This is all great information which we would have never figured out ourselves. There is only one problem: Caroline is a bit sick and we are not sure she will be able to hike up the 1100M needed to get from Chamonix to the top of Planpraz where the hike starts.

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Salzburg castle framed by trees

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January 6, 2019

We get up early in the morning. Yann and Cecile have already left for their climbing trip. We made lots of food the previous day to offset the costs of travel today. Today we will go over our daily budget, but that’s fine. It’s not every day that you get to see Mont Blanc. We can live with less for the next days to balance our budget. Probably.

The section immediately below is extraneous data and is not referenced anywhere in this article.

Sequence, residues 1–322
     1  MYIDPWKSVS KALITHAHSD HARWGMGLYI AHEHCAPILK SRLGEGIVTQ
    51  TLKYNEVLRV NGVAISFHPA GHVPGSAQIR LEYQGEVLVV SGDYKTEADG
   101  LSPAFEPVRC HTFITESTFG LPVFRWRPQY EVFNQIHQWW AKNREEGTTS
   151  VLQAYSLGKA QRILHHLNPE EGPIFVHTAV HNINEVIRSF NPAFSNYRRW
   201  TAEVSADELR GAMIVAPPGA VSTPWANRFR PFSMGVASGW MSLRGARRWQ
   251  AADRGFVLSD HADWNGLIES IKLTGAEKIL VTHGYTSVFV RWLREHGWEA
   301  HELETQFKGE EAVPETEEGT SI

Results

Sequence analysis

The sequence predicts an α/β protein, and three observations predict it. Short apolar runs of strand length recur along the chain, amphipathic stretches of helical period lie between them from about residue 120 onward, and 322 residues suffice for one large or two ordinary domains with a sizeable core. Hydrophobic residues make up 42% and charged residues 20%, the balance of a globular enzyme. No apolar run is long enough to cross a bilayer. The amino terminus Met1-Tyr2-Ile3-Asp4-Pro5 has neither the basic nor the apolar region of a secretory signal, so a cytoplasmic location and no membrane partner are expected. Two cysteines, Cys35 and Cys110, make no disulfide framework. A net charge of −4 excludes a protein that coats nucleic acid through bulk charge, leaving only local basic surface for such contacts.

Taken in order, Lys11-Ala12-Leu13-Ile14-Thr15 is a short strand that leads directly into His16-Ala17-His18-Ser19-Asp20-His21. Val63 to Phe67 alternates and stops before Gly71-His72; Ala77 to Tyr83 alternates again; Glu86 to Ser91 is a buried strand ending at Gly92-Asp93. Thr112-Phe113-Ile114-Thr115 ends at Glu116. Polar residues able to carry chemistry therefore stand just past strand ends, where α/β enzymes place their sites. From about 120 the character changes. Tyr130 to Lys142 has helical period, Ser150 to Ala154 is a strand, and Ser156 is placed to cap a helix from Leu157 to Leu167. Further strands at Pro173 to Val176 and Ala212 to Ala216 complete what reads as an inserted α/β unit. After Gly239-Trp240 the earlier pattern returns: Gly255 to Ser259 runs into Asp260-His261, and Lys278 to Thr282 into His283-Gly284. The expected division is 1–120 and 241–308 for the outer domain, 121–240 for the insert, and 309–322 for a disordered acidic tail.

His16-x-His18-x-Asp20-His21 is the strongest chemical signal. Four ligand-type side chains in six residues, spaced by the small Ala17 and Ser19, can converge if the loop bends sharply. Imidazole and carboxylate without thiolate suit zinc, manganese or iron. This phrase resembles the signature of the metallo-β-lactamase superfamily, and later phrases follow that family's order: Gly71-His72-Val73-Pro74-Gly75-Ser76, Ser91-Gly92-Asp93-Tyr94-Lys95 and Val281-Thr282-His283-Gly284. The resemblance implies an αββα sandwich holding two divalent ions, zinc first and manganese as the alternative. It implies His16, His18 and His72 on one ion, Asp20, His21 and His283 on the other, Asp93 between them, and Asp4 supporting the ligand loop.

How to get to Chamonix/Mont Blanc

We booked with Ouibus, a French bus company. They have a direct connection between Annecy and Chamonix. It takes around one hour and 30 minutes. Check their website for timetables. You want the station Chamonix Sud – Bus Station. Our bus was brand new, super clean and quite high tech. They also have a very clean app where you can book and hold your boarding passes. We paid €20 each for our return tickets but if you book early you might pick up an offer. At the time of writing this post there are lots of €5 each way offers, so you could get it half price.

The bus ride is simple with no complications. We walk to the train station in Annecy (where the bus departs from) and get on without a bother. The bus is not very busy. The website and app show you the exact pickup and destination locations on a map. Very handy.

Arriving in Chamonix